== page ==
The 2020 hurricane season continues to overachieve as Hurricane Zeta formed Monday as it heads toward Mexico's Yucatan Peninsula. The storm is taking a track similar to Hurricane Delta, striking near Cozumel, Mexico, and then heading towards the Northern Gulf Coast.
Zeta was located about 45 miles south-southeast of Cozumel with maximum winds of 80 mph, the National Hurricane Center said Monday night. It was moving northwest at 12 mph.
Forecasters predict Zeta will be a low-end hurricane, but it is not expected to be nearly as strong as Hurricane Delta just weeks ago. The system will make landfall on the Yucatan Peninsula near Cancun and Cozumel on Monday night and Tuesday morning. Like Delta, it may weaken briefly over land.
On Tuesday, as the system reemerges over the waters of the Gulf of Mexico, it will gain a little of its strength back, likely regaining hurricane intensity and staying that way until Wednesday afternoon as it moves north. But on Wednesday, it should run into strong upper-level winds as it nears the Gulf Coast, where the official forecast calls for slight weakening at landfall Wednesday evening.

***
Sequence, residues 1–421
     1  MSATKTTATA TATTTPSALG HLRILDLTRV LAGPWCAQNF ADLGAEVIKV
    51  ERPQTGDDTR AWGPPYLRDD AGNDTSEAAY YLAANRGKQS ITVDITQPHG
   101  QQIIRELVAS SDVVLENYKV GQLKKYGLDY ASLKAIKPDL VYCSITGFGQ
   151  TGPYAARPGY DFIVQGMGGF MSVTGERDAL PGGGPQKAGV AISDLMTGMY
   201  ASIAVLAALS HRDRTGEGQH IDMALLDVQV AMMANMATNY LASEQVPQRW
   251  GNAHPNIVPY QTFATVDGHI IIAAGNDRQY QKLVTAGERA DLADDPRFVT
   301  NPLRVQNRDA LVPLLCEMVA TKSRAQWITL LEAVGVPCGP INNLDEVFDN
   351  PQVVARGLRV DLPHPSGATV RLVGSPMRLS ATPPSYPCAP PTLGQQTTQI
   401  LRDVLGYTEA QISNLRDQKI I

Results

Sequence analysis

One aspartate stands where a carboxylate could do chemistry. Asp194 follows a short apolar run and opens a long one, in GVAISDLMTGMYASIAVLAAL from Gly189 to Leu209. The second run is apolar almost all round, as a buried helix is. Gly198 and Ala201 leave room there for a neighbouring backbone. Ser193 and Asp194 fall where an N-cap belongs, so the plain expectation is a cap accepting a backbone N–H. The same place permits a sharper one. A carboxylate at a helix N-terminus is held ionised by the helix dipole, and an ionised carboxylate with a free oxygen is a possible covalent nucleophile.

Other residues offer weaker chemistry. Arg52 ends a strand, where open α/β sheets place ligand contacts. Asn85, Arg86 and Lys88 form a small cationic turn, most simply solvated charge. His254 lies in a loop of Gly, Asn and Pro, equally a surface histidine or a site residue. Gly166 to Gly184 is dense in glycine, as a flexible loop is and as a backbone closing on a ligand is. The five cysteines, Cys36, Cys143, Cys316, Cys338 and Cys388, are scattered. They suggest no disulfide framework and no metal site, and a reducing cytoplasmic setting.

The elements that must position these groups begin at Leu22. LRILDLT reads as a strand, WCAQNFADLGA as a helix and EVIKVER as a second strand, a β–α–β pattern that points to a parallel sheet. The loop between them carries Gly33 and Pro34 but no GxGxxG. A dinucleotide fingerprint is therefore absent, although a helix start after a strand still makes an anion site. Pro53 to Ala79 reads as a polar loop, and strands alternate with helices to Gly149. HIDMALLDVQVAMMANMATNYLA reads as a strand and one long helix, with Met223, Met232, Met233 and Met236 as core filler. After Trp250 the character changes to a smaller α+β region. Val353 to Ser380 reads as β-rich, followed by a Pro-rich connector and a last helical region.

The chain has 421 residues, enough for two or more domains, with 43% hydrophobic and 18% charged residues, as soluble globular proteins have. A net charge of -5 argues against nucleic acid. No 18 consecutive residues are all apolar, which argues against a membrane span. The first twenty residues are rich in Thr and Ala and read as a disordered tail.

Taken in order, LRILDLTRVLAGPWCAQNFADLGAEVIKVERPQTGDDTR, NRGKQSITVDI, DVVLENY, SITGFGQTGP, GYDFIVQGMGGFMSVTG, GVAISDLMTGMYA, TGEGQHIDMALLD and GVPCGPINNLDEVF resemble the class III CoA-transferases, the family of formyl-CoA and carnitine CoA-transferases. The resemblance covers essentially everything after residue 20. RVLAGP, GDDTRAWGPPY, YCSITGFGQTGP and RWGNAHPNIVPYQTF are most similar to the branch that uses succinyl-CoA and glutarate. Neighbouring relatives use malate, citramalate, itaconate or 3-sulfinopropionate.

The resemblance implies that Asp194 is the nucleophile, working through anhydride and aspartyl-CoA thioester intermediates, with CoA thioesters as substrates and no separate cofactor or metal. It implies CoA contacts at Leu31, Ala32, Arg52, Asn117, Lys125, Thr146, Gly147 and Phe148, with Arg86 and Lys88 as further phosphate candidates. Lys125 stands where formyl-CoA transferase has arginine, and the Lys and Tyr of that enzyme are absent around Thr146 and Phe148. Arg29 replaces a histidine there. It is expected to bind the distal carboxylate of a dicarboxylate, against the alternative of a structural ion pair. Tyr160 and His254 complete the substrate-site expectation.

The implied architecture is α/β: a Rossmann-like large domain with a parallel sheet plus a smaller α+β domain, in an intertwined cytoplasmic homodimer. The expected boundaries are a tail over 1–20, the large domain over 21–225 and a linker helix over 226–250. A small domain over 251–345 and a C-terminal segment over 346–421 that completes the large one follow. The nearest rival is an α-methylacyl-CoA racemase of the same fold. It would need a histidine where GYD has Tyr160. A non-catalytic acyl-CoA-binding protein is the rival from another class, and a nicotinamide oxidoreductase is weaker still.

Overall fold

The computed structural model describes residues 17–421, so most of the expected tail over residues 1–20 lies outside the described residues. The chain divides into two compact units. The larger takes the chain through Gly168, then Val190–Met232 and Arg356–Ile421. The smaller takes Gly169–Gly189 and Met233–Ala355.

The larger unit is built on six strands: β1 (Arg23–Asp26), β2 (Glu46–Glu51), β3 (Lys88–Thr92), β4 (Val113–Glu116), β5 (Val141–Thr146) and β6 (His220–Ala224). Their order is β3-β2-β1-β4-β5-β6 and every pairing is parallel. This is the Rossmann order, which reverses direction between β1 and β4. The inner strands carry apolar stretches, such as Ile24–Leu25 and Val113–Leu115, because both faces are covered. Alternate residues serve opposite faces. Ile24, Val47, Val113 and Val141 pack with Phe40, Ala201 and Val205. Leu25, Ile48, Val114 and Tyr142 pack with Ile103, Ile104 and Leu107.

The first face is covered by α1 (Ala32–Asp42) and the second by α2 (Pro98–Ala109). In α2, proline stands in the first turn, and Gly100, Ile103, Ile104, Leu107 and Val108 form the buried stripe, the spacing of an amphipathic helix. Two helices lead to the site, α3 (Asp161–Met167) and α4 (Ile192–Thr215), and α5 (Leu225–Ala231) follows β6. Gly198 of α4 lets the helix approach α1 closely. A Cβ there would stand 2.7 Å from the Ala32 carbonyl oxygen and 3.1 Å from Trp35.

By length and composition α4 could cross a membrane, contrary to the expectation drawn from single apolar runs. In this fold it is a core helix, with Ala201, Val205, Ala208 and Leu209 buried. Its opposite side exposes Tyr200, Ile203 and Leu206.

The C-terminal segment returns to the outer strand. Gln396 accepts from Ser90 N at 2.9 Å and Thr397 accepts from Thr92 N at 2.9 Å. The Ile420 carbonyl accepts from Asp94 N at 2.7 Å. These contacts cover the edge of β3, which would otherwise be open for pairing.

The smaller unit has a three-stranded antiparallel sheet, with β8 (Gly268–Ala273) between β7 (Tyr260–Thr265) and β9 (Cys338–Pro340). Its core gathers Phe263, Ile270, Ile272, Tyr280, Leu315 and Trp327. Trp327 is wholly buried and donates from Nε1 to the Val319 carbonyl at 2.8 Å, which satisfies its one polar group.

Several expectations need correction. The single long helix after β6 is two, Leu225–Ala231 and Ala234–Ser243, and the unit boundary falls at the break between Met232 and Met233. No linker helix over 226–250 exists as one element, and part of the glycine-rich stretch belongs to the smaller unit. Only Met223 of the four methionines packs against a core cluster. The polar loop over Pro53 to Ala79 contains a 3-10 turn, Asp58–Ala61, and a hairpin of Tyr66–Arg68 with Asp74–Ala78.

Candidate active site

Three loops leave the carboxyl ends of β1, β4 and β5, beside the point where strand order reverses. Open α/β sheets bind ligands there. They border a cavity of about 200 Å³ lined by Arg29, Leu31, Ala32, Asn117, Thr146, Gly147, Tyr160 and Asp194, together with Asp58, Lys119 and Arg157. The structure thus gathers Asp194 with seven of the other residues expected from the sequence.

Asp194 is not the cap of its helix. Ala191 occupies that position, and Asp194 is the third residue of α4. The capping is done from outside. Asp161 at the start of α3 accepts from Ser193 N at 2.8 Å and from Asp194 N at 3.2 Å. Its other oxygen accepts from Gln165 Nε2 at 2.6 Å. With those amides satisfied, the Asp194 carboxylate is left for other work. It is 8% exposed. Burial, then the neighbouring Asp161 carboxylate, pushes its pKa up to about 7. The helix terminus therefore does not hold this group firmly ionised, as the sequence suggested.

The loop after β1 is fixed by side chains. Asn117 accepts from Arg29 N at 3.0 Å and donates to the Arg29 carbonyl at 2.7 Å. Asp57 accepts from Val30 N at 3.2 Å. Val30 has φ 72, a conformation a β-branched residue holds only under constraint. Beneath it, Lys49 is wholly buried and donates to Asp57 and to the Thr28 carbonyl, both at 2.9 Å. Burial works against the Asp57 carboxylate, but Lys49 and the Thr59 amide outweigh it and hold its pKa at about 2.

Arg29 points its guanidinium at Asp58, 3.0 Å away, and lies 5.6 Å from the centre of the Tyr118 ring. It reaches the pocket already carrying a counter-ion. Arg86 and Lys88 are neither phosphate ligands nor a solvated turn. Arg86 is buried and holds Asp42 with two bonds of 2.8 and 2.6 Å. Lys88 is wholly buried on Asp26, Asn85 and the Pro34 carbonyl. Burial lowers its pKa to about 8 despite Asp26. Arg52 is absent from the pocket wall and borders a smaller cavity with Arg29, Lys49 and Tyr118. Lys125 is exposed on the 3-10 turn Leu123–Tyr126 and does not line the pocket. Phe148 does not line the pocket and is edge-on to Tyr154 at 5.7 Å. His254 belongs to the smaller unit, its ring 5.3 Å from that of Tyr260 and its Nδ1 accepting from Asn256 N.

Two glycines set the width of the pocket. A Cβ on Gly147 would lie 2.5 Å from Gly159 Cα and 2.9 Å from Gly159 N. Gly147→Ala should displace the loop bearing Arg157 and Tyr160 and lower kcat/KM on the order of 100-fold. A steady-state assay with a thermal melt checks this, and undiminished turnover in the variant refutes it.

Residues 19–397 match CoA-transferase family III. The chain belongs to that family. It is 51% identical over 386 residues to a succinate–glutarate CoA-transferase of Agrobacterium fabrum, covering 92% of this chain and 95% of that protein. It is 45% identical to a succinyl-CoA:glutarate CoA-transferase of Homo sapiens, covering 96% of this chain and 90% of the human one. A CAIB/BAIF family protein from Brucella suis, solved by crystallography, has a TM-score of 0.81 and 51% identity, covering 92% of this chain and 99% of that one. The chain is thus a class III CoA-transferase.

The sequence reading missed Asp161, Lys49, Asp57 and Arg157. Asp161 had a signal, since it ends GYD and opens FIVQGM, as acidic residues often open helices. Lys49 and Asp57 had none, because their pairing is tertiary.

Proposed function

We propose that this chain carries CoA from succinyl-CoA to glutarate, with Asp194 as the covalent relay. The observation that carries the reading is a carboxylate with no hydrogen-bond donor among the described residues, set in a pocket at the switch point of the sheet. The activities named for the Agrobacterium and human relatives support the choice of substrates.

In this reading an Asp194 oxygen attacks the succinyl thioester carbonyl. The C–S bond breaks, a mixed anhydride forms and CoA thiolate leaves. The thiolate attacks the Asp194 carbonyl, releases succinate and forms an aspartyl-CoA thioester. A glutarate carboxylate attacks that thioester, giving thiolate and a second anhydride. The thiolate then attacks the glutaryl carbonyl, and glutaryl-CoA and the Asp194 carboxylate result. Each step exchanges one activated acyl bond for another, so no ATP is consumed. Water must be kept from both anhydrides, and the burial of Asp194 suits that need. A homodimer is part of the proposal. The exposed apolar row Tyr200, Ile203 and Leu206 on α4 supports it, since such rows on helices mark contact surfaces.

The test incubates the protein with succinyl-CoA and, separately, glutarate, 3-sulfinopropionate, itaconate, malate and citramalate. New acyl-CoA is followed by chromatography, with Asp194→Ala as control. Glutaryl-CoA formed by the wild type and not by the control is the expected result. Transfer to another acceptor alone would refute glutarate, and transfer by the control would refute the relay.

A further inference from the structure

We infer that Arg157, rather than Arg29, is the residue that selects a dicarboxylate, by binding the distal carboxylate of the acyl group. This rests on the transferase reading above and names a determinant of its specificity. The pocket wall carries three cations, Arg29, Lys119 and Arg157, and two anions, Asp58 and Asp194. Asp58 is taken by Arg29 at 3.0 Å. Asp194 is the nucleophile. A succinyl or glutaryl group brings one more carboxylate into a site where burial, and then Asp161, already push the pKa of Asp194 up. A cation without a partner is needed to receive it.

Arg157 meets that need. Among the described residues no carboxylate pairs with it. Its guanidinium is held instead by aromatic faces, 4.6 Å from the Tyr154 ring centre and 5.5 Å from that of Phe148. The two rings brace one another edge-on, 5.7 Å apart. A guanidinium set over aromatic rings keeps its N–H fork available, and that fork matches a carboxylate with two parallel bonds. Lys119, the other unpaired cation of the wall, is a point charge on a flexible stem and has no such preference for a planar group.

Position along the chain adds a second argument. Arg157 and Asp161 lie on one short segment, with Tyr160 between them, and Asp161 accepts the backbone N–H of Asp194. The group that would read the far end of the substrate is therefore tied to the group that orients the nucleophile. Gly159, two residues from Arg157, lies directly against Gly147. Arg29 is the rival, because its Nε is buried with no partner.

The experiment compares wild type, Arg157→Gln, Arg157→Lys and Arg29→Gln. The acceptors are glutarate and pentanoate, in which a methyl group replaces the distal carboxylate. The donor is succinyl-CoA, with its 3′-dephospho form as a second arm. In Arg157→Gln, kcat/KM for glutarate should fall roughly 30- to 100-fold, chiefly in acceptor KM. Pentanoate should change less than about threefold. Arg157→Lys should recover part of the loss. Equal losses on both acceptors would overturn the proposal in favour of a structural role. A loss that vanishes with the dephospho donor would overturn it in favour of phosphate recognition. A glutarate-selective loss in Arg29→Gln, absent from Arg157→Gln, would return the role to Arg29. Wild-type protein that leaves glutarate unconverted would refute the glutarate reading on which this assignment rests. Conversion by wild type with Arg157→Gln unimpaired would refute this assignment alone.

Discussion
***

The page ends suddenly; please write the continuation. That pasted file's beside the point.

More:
The hurricane center's forecast cone shows landfall anywhere between southeast Louisiana and the Alabama Coast. This would be the eighth storm to make landfall along the Gulf Coast this season, with the highest concentration in Louisiana.
Computer models call for continued intensification before the system makes landfall on the Yucatan Peninsula because the system is located over the warmest pool of water in the hemisphere and upper-level winds are becoming more favorable for development.
Zeta is the 27th named system of the, which is running over a month ahead of the record pace set back in 2005. That year featured 28 tropical storms, and the last did not form until the end of December. That puts 2020 well on track to either tie or break the all-time record for the number of named storms in the Atlantic in one season.
In the Atlantic Ocean, the chance that any given storm will reach(Category 3, 4 or 5) is now twice as likely than it was in the 1980s, showing just how influential warmer ocean waters can be.